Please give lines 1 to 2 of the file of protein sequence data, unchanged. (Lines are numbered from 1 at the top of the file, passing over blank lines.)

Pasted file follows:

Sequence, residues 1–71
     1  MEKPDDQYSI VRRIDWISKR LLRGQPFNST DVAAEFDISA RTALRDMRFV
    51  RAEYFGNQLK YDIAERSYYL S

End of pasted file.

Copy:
Sequence, residues 1–71
     1  MEKPDDQYSI VRRIDWISKR LLRGQPFNST DVAAEFDISA RTALRDMRFV